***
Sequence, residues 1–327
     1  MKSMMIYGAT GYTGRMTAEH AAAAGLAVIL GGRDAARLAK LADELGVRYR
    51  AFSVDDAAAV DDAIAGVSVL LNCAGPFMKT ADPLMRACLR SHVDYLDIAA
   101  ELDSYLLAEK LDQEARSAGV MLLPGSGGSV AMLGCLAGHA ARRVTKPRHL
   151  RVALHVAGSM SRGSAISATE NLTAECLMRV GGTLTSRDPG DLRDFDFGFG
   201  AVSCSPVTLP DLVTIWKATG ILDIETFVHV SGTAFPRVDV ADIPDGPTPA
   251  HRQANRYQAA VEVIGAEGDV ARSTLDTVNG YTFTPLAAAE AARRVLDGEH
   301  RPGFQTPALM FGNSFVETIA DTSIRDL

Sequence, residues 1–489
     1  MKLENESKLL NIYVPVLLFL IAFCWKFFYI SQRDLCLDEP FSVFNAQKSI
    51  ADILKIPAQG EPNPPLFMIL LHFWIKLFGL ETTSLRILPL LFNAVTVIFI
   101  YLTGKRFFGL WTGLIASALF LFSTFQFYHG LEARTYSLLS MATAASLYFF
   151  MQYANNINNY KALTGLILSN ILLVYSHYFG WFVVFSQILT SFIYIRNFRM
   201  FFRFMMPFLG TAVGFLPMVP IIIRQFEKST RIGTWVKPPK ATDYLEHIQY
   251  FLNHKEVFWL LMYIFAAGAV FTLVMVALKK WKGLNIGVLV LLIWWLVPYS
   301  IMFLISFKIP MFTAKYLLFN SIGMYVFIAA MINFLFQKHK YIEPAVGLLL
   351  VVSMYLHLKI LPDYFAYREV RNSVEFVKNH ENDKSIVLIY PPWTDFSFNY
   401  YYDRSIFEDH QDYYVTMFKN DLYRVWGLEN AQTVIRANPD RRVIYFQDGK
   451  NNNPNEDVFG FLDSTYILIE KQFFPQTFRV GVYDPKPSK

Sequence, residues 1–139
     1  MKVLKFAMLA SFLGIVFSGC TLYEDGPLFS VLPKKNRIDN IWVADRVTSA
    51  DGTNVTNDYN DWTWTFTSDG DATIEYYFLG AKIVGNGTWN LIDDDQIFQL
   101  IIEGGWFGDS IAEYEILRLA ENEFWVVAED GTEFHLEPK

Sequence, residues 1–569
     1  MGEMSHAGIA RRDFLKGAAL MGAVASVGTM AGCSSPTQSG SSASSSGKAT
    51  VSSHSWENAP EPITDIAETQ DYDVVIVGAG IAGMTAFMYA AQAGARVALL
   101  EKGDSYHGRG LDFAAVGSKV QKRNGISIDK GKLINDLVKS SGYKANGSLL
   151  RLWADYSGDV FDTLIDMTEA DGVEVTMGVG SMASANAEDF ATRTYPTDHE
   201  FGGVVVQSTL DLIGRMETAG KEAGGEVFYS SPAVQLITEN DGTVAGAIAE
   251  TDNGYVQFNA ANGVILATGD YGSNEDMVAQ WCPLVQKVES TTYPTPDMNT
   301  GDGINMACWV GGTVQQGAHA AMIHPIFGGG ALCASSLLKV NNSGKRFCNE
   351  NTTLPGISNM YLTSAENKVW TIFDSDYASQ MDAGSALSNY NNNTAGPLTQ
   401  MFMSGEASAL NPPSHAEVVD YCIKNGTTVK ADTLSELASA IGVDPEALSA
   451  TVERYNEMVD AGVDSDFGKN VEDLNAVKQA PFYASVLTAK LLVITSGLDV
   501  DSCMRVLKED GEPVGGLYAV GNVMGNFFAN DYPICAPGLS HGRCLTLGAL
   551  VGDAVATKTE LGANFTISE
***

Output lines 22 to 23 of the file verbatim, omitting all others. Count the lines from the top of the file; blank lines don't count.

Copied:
    51  DGTNVTNDYN DWTWTFTSDG DATIEYYFLG AKIVGNGTWN LIDDDQIFQL
   101  IIEGGWFGDS IAEYEILRLA ENEFWVVAED GTEFHLEPK